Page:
Social media management is a fairly niche area. When our clients are considering hiring us for this service, we are often weighed against two other options: using an intern or an internal, inexperienced team member; or using someone who does social media management as a service on the side while working a day job in some unrelated industry.
I obviously have a vested interest in why I think you should hire a marketing team instead of either option mentioned above, and I could go into why teams are better than individuals. But I want to just focus on the risks associated with what many organizations do: Hire an intern or pass social media management to a very inexperienced team member.
Before I explore all of the dangers and issues with this practice, I want to clarify that I was the beneficiary of two amazing internships while in college that helped me grow and develop as a professional. While I am definitely a fan of internships in general, I’m not in favor of handing your entire social media presence over to an intern.
Here are the two major misconceptions many managers/directors/CEOs have when it comes to this issue:
1: Because they are young, interns in college or high school understand social media marketing.
Though they might be users of social media and might even have significant followers on a relevant application, that does not mean that they have knowledge or experience in marketing a business or organization using those tools. Generally, building a presence and marketing an organization on a specific platform is much more complicated and difficult than simply using that social media platform. To use a simple metaphor, just because I understand how to use a hammer doesn’t mean you would want me to build your house (trust me, you wouldn’t).
2: Because you don’t have much of a social media following, the intern can’t do much damage.
It’s a common misconception that whatever the intern may write/post will directly reach only a small group of your potential customers. What most executives overlook is that as soon as an account is created, it is visible and easily accessible to anyone who may search for your organization’s name or for key individuals associated with your organization on any search engine. This means that any potential partner, customer or donor can easily find your social media presence and will likely use whatever they find to judge your organization.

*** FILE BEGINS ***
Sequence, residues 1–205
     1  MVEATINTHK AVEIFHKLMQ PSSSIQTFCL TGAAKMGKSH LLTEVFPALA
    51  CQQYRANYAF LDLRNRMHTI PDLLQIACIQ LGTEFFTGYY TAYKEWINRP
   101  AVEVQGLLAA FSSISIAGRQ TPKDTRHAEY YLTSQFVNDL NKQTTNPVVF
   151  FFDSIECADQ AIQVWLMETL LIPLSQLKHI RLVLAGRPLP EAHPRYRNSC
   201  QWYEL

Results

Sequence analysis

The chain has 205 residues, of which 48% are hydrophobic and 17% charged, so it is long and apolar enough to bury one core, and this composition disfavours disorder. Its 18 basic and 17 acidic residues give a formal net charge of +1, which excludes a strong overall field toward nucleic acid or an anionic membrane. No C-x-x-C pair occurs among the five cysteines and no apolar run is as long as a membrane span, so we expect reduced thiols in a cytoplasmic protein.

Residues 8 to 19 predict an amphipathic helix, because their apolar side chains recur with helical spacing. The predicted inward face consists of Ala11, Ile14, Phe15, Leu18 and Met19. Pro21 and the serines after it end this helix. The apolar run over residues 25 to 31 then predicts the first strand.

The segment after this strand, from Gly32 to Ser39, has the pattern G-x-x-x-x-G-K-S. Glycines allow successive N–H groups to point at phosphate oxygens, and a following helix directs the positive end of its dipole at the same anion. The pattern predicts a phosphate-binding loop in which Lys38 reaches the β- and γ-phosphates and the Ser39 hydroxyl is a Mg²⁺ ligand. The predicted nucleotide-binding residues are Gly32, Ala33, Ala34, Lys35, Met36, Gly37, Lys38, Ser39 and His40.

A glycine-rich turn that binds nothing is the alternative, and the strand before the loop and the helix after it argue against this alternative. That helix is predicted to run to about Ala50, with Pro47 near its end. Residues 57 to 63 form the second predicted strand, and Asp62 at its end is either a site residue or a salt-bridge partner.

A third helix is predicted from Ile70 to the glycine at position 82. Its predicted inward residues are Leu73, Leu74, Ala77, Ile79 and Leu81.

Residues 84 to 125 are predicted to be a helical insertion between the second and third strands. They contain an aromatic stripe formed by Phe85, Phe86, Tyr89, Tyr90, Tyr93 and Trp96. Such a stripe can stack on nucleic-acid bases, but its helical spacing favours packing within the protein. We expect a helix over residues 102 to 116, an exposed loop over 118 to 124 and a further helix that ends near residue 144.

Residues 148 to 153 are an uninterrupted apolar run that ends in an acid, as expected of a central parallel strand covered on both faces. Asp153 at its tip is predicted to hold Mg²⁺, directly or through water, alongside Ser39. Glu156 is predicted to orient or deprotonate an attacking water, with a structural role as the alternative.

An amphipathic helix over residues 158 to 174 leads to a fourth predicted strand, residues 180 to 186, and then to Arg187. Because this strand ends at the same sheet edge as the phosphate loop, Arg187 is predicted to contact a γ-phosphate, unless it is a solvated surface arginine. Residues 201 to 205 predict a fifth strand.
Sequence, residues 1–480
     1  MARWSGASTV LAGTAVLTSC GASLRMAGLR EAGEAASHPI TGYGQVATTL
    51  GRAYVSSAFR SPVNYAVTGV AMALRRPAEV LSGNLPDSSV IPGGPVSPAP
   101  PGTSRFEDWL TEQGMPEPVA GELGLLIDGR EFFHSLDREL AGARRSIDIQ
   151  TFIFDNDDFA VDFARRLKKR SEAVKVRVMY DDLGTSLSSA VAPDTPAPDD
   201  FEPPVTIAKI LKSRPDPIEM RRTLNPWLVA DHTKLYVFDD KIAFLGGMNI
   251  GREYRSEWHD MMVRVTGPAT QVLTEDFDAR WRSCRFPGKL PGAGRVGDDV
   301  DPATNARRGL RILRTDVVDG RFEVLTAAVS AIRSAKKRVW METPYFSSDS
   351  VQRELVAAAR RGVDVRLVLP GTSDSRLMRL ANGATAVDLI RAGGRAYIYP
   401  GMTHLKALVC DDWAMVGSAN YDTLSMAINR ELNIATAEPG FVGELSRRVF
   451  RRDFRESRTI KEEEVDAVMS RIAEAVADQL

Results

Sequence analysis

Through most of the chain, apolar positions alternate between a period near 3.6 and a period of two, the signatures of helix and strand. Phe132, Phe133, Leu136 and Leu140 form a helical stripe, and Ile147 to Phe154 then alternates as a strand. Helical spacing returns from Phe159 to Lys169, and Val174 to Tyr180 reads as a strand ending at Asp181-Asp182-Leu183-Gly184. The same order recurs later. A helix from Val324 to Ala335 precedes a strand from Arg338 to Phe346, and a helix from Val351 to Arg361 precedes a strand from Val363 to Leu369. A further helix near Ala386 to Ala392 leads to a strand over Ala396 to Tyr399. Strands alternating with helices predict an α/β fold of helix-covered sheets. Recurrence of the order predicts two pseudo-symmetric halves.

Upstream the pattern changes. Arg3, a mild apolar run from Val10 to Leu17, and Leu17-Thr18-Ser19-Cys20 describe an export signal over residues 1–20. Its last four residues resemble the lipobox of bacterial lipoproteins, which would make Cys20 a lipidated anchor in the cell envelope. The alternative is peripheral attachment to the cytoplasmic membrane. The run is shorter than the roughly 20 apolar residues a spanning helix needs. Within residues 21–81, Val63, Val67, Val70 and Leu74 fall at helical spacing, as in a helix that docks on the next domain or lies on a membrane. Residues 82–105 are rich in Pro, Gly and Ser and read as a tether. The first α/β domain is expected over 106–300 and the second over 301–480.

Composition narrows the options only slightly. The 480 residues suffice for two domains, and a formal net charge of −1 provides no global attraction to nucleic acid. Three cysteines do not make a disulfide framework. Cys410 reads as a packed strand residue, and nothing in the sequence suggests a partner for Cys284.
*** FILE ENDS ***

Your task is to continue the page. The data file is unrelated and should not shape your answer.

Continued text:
Though every business can benefit from having an established and well-managed social media presence, fostering such a presence using an inexperienced team member can often create more risks for an organization than the savings are worth.
Remember that every time you post on Facebook, Instagram, Twitter or LinkedIn, you are communicating with your current and potential customers. We generally call this “brand messaging.” It’s what your content (images, articles, videos) and captions (the sentence or two that goes with each piece of content) say about your company. This messaging is a part of every single post you put out as an organization, intentional or not.
But that messaging probably shouldn’t be left to an intern.
Timothy A. Zercher is the president and CEO of Pueblo-based EasySocial. Zercher can be reached at easysocial.solutions.